TOKYO, 15 Oct - It was an all-time classic. A match we will be talking about for decades, a match that was as emotionally-charged as it was spellbinding in its drama and excitement. In the context of the natural disaster that had ravaged the country, the Japanese achievement both on and off the field was jaw-dropping in its commitment, resolve and inspiration.
Like so many other visitors to Japan, our ‘world feed’ broadcast team gathered together on Saturday night in a state of ignorance, anxiety and curiosity as Typhoon Hagibis tore across the country. Mercifully, central Yokohama itself was spared much of the devastation wrought in other areas, but as the torrential rain swept sideways on the gale, optimism for the staging of a rugby match was thin on the ground. Even as the storm blew itself out in the downtown area around midnight, and continued its relentless passage north-east, there were few who believed there was any hope.
Sport is a glorious inconsequence, a glorious irrelevance. Never is this more obvious than when a genuine crisis strikes. Homes were flooded and destroyed, millions were displaced and, tragically, lives have been lost. Many Japanese will be dealing with the life-changing effects of the storm long after the Rugby World Cup has finished. What felt different on Sunday was that the trauma seemed to prompt in Japan a determination and a bloody-mindedness that spoke volumes for the human spirit. They would not be denied.
Hope and promise
I was woken at 6am on Sunday to messages of hope and promise. A photograph of the pitch itself bathed in sunshine, blue skies above, and hordes of operational staff already working flat out. A text message suggesting widespread confidence and determination that a way would be found. News filtered through of operational staff sleeping on site, the clean-up starting at the break of dawn, local services wheeling into action with a defiance that was hard to comprehend. They made it happen.
A handful of hours after the biggest storm to hit Japan in more than 60 years, a rugby match. A rugby match like no other. A match framed by heartbreak, and driven by emotion. Arriving at the stadium it was clear that we were in for a special night. Red and white everywhere. Japanese supporters who had endured a night of heartache, waiting patiently for entry to the ground four hours before kick-off, even as the vast surrounding area was swamped with floodwater. A match that mattered.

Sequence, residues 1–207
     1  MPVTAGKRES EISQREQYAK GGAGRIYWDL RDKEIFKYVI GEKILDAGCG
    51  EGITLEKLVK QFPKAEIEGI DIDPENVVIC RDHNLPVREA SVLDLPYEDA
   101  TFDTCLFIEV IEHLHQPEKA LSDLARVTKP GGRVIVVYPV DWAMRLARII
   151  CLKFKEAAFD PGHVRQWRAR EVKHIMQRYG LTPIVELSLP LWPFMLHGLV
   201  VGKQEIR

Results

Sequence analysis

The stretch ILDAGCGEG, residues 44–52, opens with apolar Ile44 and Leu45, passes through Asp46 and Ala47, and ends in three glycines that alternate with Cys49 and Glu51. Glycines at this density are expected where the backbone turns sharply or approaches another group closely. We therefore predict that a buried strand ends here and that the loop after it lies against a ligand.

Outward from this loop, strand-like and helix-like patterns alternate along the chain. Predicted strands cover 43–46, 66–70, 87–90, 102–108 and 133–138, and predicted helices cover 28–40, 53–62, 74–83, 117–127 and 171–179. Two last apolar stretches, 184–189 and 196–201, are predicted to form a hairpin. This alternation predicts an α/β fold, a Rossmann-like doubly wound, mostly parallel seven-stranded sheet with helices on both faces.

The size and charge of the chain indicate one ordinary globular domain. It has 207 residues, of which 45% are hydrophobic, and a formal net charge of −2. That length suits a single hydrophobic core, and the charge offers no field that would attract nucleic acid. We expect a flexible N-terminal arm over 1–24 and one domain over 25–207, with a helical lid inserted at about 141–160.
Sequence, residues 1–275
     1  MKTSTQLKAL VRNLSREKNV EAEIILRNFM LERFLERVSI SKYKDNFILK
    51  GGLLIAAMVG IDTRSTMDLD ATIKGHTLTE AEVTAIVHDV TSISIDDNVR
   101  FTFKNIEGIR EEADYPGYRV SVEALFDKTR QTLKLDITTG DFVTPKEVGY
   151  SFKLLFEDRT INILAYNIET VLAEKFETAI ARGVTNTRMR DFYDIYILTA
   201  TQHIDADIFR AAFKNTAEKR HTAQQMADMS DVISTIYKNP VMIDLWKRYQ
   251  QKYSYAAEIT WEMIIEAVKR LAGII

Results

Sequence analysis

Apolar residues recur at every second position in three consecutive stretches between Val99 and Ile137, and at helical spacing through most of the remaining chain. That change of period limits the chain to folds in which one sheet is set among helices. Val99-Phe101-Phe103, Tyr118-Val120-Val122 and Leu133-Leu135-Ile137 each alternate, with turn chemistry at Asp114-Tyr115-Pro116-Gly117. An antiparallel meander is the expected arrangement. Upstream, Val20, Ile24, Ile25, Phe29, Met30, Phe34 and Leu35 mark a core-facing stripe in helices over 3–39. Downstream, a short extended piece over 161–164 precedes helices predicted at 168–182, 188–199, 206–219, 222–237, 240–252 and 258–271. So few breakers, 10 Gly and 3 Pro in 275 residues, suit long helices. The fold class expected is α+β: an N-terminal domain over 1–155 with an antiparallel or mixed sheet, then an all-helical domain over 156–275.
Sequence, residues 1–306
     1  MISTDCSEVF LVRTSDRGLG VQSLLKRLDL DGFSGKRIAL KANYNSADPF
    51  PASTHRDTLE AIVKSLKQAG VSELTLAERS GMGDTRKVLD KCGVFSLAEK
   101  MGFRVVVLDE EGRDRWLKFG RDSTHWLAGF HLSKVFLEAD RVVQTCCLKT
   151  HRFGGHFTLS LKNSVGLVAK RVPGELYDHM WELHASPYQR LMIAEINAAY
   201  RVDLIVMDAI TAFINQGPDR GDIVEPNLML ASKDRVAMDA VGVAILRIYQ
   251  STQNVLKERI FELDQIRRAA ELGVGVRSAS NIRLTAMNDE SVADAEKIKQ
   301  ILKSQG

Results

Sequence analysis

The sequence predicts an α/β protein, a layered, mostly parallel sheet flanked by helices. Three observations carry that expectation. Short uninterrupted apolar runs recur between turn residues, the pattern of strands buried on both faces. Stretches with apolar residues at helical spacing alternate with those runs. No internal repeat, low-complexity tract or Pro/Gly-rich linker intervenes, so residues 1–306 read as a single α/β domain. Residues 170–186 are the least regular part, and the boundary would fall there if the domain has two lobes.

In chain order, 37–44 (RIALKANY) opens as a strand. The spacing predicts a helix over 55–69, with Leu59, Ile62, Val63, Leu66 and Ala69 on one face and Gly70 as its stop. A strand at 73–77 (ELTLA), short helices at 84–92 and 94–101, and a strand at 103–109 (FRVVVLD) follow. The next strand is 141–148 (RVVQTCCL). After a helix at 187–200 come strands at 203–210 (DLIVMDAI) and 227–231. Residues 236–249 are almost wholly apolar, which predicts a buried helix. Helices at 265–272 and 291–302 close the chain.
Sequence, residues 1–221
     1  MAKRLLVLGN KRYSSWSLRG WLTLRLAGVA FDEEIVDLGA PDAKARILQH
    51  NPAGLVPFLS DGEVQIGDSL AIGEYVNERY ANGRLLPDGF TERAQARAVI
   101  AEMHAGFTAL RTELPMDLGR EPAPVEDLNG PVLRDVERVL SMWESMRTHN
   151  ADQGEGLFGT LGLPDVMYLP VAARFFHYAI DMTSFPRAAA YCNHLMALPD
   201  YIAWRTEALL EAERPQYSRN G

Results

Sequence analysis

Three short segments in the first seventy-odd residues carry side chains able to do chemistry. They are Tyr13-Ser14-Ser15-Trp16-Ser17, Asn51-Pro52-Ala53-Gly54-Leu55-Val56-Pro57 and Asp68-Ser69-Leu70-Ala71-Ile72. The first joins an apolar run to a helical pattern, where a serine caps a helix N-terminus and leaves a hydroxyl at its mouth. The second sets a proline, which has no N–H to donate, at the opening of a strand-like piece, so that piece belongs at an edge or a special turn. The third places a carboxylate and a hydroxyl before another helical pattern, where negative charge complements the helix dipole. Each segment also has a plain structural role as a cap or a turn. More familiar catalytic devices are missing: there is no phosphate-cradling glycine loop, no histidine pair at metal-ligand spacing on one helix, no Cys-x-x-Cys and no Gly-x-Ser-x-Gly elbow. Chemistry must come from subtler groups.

In more than 20 years of broadcasting, I have been privileged enough to witness some extraordinary sporting events in some incredible places. The day France stunned the All Blacks in that Rugby World Cup semi-final in 1999. The day Rafa Nadal finally beat Roger Federer at Wimbledon over five sets in the darkness. The epic Lions series of 2009 in South Africa that must go down as one of the greatest ever. Sunday in Yokohama might just have topped the lot. The spine-tingling anthems, the moment’s silence, the blistering speed of the match. For 80 heart-stopping minutes we were treated to sport in the raw, sport that meant so much more than winning and losing. Sport that was as much about the start of a nation’s healing process, as it was an historic first Rugby World Cup quarter-final place for Asia.
Evasion, not collision
Japan’s rugby was breathtaking. After Finn Russell’s early try, Martyn Williams, Karl Te Nana and I wondered aloud in commentary if Japan’s efforts might be thwarted, and whether the emotion might overrun them. Scotland were fired up and focused after a week in which there had been far too much talk of recriminations in the event of a cancellation. The Japanese response was emphatic, and swift. Playing with their trademark accuracy and speed, they found space where there was none. They comprehensively rubbished the popular notion that you have to go through 25 phases to make any headway in modern rugby. Not for a moment am I suggesting that it wasn’t a physical encounter, but for Japan this was all about evasion, not collision. Rugby to lift the soul.
Rarely have I heard a noise like the thunderous roar that greeted the tries. The stunning offload from Fukuoka that sent Matsushima tearing in for his fifth try of the tournament. The slick handling and interplay that found Inagake tumbling over the line. The delicate Lafaele grubber that sat up for Fukuoka’s casual one-handed gather. The loudest outburst of the night might have been saved for the turbo-charged winger’s second - stripping the ball in contact and disappearing into the night, sending Japan into an unassailable 21-point lead.
Thrillingly, Scotland threw everything they had, by way of reply. Nel and Fagerson gave them a sniff but there was always a feeling inside the ground that the Scots were facing an irresistible force.
As the final whistle blew, all round us high in the stands, the tears flowed. Japanese supporters leaped into each other's arms and the stadium erupted into a joyous cacophony of red and white. The glorious irrelevance of sport, made relevant for one special, historic night.